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Guide to quick starters

Robert Boice (1991) studied new faculty members to determine what traits predicted productivity and a sense of belonging and accomplishment in the academy.  He found that more than 90% of new faculty followed a pattern. They believed that delivering content was the most important goal of teaching and, because of this belief, most used lecturing as the sole teaching method. They taught defensively, not wanting to make errors in the delivery of facts.  They learned to teach by mimicking the methods used by their teachers, watching others, or by gaining advice from senior faculty or students. They were passive about change and improvement, slowly becoming comfortable with teaching.  They scored lower on peer and student evaluations.

However, Boice found that 3-8% of the new faculty he studied did not fit this pattern.  Faculty members in this minority were more positive about their careers, were more productive and achieved higher observer and student ratings.   Characteristics of these faculty members, who he labeled “quick starters” included:

  1. using a relaxed pace and open attitude in the classroom.
  2. allowing  time for student involvement in classroom activities.
  3. reporting optimistic attitudes toward students.
  4. approaching their teaching with a sense of humor and high energy.
  5. seeking advice about teaching.
  6. spending less time preparing for teaching than their peers.
  7. integrating their scholarship with their teaching.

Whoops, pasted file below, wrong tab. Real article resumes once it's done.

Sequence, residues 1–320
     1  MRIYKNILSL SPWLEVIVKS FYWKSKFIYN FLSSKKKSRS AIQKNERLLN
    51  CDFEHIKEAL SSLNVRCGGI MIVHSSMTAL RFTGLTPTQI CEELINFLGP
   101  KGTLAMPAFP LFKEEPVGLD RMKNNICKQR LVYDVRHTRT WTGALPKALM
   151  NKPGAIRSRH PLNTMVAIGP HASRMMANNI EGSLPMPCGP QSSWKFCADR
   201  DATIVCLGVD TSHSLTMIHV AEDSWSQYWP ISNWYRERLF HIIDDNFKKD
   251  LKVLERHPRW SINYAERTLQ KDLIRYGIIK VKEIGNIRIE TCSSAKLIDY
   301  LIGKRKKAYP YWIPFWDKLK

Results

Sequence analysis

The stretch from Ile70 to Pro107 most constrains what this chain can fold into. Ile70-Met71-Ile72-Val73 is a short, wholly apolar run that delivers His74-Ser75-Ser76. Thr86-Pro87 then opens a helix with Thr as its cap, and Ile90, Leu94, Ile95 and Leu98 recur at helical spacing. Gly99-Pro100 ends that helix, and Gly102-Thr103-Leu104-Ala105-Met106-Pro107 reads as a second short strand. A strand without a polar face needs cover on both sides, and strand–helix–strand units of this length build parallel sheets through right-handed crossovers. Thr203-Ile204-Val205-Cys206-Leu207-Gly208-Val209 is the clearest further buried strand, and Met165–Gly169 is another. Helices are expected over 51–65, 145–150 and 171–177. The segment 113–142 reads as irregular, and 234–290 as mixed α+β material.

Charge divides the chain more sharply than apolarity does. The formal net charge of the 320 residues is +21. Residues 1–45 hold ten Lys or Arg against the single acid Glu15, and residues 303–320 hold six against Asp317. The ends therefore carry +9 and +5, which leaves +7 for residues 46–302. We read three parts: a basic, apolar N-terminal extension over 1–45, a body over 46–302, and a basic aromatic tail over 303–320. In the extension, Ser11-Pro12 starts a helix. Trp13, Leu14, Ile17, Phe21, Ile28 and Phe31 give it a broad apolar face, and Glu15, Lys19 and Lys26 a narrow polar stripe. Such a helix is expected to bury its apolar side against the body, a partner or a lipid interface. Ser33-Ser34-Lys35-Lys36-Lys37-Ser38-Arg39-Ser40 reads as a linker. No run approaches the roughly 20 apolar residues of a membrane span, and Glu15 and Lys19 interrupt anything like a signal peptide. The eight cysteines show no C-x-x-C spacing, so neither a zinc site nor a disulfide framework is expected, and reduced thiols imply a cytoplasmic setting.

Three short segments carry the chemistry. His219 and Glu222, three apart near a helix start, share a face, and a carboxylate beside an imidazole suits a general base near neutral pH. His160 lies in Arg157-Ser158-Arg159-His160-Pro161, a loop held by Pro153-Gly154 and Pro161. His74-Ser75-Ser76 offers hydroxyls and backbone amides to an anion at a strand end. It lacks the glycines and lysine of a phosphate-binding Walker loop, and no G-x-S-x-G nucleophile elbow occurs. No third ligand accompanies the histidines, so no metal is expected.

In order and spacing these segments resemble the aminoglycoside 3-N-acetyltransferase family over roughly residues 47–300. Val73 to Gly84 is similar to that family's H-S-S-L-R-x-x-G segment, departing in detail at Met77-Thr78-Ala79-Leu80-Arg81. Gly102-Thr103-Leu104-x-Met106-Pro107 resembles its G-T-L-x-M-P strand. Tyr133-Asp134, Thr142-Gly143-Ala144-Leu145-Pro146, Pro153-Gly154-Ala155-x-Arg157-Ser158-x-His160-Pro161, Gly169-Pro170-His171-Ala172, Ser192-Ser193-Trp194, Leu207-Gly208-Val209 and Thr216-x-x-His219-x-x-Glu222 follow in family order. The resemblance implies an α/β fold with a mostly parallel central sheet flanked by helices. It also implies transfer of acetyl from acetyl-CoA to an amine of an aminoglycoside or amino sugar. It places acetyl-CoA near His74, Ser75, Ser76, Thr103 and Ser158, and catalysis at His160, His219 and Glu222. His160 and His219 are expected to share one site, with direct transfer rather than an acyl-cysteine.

8. having few complaints about their colleagues’ support and competence .

New faculty can become quick starters. Here are some suggestions:

  1. Maintain a balance between home and work life.
  2. Maintain a time log to help you balance not only your work and home life, but to help determine how much time you are spending on course preparation and scholarship.
  3. Spend less time preparing for teaching and more time involving your students in the learning process.
  4. Approach your teaching with a sense of humor.
  5. Realize you know more about your topic than students, so relax.  You need not know every detail.
  6. Realize students appreciate a professor who doesn’t know everything and is willing to admit it.
  7. Take time getting to know your students.
  8. Got a case of the nerves?  Check the section on “Nervousness
  9. Need some sage advice?  Check the sidebar on “Wisdom.”


  • Boice, R. (1991). Quick starters: New faculty who succeed. In M. Theall & J. Franklin (Eds.), Effective practices for improving teaching (p.111-121), New Directions for Teaching and Learning, no. 48. San Francisco: Jossey-Bass.
  • Boice, R. (1991a). New faculty as colleagues. Qualitative Studies in Education, 4, 29-44.
  • Boice, R. (1991b). New faculty as teachers. Journal of Higher Education, 15, 315-327.
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Last updated: 06/20/2013
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